Back to Top
niar View Drop Down
Newbie
Newbie


Joined: 10 June 2007
Location: United Kingdom
Status: Offline
Points: 24
Post Options Post Options   Thanks (0) Thanks(0)   Quote niar Quote  Post ReplyReply Direct Link To This Post Posted: 08 February 2008 at 7:59am
hi, JadedUk, take a look at following code:
ntdll!NtCreateFile:

7c90d682 b825000000      mov     eax,25h
7c90d687 ba0003fe7f      mov     edx,offset SharedUserData!SystemCallStub (7ffe0300)
7c90d68c ff12            call    dword ptr [edx]
7c90d68e c22c00          ret     2Ch

Back to Top
molotov View Drop Down
Moderator Group
Moderator Group
Avatar

Joined: 04 October 2006
Status: Offline
Points: 17531
Post Options Post Options   Thanks (0) Thanks(0)   Quote molotov Quote  Post ReplyReply Direct Link To This Post Posted: 08 February 2008 at 8:33am
Consider:
Quote 0:001> u 7ffe0300
SharedUserData!SystemCallStub:
7ffe0300 8beb            mov     ebp,ebx
7ffe0302 90              nop
7ffe0303 7c94            jl      SharedUserData+0x299 (7ffe0299)
Quote 0:001> dd 7ffe0300
7ffe0300  7c90eb8b 7c90eb94
 
Look at the bytes in bold - do they look familiar? (0x7c908beb)
The stub is a pointer to the function at 0x7c908beb.  u 7ffe0300 attemps to unassemble something that is not a function.
Daily affirmation:
net helpmsg 4006
Back to Top
JadedUk View Drop Down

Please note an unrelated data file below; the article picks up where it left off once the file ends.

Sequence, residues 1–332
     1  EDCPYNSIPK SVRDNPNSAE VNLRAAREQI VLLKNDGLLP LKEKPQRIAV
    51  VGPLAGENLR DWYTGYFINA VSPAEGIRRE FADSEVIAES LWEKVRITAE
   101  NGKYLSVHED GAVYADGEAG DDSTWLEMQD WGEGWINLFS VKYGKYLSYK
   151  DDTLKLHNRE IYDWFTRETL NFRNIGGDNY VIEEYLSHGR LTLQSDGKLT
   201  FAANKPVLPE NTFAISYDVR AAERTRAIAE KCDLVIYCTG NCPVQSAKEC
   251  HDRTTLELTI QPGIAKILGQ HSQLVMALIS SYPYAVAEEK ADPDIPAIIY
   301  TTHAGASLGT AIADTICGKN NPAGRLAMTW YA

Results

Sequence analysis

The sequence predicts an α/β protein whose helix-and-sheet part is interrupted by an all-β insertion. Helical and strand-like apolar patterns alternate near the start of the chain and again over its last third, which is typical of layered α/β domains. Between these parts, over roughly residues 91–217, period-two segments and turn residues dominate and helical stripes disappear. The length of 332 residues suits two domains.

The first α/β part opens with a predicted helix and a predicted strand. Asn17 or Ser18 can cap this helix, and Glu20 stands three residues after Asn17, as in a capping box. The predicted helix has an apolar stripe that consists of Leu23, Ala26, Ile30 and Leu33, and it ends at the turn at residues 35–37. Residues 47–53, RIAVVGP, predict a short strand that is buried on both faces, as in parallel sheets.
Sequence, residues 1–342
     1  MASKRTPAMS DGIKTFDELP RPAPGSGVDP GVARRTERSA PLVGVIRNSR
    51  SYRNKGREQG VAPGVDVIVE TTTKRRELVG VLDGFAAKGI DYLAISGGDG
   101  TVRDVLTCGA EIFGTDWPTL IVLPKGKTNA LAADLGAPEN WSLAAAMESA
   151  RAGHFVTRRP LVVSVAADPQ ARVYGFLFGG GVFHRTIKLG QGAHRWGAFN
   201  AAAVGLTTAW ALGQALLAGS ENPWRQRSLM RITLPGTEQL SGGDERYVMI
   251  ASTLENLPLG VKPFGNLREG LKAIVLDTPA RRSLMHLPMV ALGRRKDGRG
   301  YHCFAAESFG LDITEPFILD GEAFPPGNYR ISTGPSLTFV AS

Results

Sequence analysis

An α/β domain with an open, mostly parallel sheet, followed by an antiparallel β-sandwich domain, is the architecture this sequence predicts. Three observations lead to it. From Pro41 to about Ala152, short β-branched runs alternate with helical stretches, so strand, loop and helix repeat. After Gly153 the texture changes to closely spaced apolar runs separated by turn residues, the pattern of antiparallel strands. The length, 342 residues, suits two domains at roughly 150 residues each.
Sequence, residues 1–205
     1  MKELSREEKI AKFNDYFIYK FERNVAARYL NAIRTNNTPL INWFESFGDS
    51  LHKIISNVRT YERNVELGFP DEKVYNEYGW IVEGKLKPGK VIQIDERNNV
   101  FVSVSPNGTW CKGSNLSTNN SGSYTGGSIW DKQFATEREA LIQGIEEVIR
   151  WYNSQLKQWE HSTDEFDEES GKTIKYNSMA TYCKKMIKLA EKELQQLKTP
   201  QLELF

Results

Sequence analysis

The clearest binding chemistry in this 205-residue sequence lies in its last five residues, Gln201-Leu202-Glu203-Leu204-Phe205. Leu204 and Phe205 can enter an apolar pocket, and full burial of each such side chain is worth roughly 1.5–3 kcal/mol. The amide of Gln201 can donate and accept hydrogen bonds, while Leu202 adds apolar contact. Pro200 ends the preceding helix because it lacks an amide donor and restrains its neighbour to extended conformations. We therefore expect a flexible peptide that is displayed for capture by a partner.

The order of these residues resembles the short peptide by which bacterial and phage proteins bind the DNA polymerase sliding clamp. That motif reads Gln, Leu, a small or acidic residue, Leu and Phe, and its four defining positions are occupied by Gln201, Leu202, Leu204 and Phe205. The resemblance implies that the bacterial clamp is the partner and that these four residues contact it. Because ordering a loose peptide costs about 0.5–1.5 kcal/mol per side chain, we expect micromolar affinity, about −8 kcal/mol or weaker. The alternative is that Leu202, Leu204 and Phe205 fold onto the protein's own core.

Newbie
Newbie


Joined: 08 February 2008
Status: Offline
Points: 12
Post Options Post Options   Thanks (0) Thanks(0)   Quote JadedUk Quote  Post ReplyReply Direct Link To This Post Posted: 08 February 2008 at 9:01am
Thankyou!  I see.  So, u has just attempted to translate whatever it's found at that address even though it's actually a storage location containing the pointer and not valid code? 
 
Many thanks again.
Back to Top
molotov View Drop Down
Moderator Group
Moderator Group
Avatar

Joined: 04 October 2006
Status: Offline
Points: 17531
Post Options Post Options   Thanks (0) Thanks(0)   Quote molotov Quote  Post ReplyReply Direct Link To This Post Posted: 08 February 2008 at 9:54am
From the DTW Debugger.chm:
Quote u (Unassemble)
The u command displays an assembly translation of the specified program code in memory.
Daily affirmation:
net helpmsg 4006
Back to Top
JadedUk View Drop Down
Newbie
Newbie


Joined: 08 February 2008
Status: Offline
Points: 12
Post Options Post Options   Thanks (0) Thanks(0)   Quote JadedUk Quote  Post ReplyReply Direct Link To This Post Posted: 08 February 2008 at 2:04pm

Thanks, Molotov.  I've realised that for some reason I thought the u command would be able to distinguish between actual code and storage.  Now I look back on it, it seems ridiculous that I would think that when all it does is dump memory contents and give it's best shot at helpfully translating into code :)

I guess I've just been spoilt by years of working with IDEs :)
Back to Top
 Post Reply Post Reply
  Share Topic   

Forum Jump Forum Permissions View Drop Down

Forum Software by Web Wiz Forums® version 11.06
Copyright ©2001-2016 Web Wiz Ltd.